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Planning to Be an Electronic Engineer?
June 1955 Popular Electronics

June 1955 Popular Electronics

June 1955 Popular Electronics Cover - RF CafeTable of Contents

Wax nostalgic about and learn from the history of early electronics. See articles from Popular Electronics, published October 1954 - April 1985. All copyrights are hereby acknowledged.

This article from a 1955 issue of Popular Electronics magazine describes my evolution from electrician to electronics technician to electronics engineer. For that matter, it describes the paths many people I have worked with over the years have taken. My mentor at my first job as an RF engineer after graduating with a BSEE from the University of Vermont began as a technician in the Army, and then he went to school part-time while working a full-time job to earn his BSEE. In my next job as an RF engineer there were at least two guys I knew who had also taken that path. Although not by any means absolute criteria for judging an engineer's enthusiasm, I will say that at least as a distinct segment of RF engineering, those who are amateur radio operators and/or those who began life as a technician and then earned a BSEE tend, per my observations, to have a higher degree of appreciation for the job. I'm not saying they are by default better or smarter people, just more contented with the work.   ...and yes, I do consider many "other than" engineers I have worked with to be far superior to me.

Planning to Be an Electronic Engineer?

Planning to Be an Electronic Engineer?, June 1955 Popular Electronics - RF CafeBy Forrest H. Frantz, Sr.

Physics Department, Mississippi State College

The quantity and variety of careers in electronics are tremendous. Industry is clamoring for men with suitable backgrounds in numerous specialized phases of electronics at various levels of ability and attainment. But the big cry, the big demand, is for men trained at the engineering and scientific level. Specialists are not as much in demand as men with a thorough basic background in mathematics, physics, and engineering.

If you are in high school now, in the armed services for a brief period, or under thirty years of age and able to go to college, consider seriously the possibility of getting into electronic engineering - that is, if your interests and talents tend to be in this direction. A few technicians, after years of experience, earn the status of engineer or scientist in industry, but most engineers enter the profession after securing a degree from an accredited college or university. The same is true of physicists and mathematicians.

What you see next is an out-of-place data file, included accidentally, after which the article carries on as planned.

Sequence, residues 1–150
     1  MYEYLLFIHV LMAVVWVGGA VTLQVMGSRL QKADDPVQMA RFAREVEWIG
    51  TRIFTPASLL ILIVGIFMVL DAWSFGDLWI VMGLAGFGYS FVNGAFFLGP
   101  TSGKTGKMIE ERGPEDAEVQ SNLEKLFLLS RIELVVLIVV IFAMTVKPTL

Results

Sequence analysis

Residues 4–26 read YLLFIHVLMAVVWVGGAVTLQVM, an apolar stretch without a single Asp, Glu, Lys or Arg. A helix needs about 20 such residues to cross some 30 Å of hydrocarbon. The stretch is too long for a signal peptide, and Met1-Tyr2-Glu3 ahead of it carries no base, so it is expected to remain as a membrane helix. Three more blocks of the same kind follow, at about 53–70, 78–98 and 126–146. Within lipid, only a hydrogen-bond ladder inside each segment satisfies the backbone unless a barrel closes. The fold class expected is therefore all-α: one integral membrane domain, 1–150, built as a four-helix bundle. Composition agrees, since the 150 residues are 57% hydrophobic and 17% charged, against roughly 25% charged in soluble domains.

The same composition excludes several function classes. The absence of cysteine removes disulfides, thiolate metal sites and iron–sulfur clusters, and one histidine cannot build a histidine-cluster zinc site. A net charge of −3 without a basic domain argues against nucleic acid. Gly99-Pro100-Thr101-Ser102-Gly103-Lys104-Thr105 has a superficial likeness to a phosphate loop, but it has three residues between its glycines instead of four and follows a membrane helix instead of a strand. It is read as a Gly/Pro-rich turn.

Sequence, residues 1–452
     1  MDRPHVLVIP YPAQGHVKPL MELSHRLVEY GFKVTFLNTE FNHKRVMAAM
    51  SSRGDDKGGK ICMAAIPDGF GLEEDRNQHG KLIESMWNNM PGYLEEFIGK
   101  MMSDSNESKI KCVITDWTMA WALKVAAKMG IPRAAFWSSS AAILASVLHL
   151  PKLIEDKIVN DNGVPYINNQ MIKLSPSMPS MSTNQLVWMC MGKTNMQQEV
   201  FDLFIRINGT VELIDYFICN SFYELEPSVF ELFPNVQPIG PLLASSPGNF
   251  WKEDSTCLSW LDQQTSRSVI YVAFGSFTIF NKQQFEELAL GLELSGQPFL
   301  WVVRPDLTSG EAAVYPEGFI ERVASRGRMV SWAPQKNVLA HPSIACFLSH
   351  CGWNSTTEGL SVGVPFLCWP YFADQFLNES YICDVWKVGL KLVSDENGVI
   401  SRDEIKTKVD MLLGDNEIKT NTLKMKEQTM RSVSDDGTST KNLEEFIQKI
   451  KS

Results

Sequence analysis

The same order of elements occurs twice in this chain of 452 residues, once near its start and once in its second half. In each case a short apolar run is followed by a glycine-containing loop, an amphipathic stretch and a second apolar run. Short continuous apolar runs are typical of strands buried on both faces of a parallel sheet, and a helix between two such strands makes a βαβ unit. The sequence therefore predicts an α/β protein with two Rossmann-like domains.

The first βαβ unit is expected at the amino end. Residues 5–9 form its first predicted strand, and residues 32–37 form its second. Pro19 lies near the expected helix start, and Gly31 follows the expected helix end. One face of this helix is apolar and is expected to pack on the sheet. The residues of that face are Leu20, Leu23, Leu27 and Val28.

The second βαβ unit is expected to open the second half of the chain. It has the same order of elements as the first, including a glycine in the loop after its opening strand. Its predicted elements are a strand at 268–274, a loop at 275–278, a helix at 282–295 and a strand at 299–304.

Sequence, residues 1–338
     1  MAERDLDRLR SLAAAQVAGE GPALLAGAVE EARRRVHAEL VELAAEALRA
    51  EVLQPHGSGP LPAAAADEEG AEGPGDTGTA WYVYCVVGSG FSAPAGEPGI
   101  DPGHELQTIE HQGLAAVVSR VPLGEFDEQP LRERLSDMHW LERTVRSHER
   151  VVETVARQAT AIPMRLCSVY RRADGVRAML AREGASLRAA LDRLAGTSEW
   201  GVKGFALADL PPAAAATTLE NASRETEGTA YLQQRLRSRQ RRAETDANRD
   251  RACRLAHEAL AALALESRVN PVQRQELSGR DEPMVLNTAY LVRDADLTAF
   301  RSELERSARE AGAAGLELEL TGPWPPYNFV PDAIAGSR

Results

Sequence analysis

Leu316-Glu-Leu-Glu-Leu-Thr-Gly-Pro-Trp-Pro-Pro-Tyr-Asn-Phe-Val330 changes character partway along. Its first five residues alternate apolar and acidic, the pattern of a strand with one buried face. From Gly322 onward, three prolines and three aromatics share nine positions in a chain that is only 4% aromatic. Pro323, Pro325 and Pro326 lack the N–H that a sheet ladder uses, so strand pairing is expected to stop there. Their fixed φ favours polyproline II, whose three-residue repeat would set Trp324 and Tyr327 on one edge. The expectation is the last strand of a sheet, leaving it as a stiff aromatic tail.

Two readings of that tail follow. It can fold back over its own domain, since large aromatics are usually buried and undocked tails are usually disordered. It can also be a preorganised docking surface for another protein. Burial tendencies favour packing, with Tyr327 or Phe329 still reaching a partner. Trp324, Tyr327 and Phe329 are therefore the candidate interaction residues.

To be ready for an engineering or scientific college education, there are several things that you can do now which will make the going easier in college, and enable you to get more out of your college courses. You should:

1) Become extremely proficient in mathematics.

2) Get a solid background in physics.

3) Become familiar with the practical aspects of electronics.

4) Learn how to use a slide rule.

This sounds like a big order, and for the most part, it is. However, when you consider that a large number of high school graduates cannot pass college entrance examinations, the need for this "large order" is apparent. Furthermore, anywhere from 30 percent to 60 percent of the students in basic college mathematics and physics courses fail or just barely pass. This indicates that a prospective college student would do well to prepare himself as best he can to meet the standards that have been set. The four points mentioned above are basic for pre-college preparation. Let's examine them more closely and see why they are important.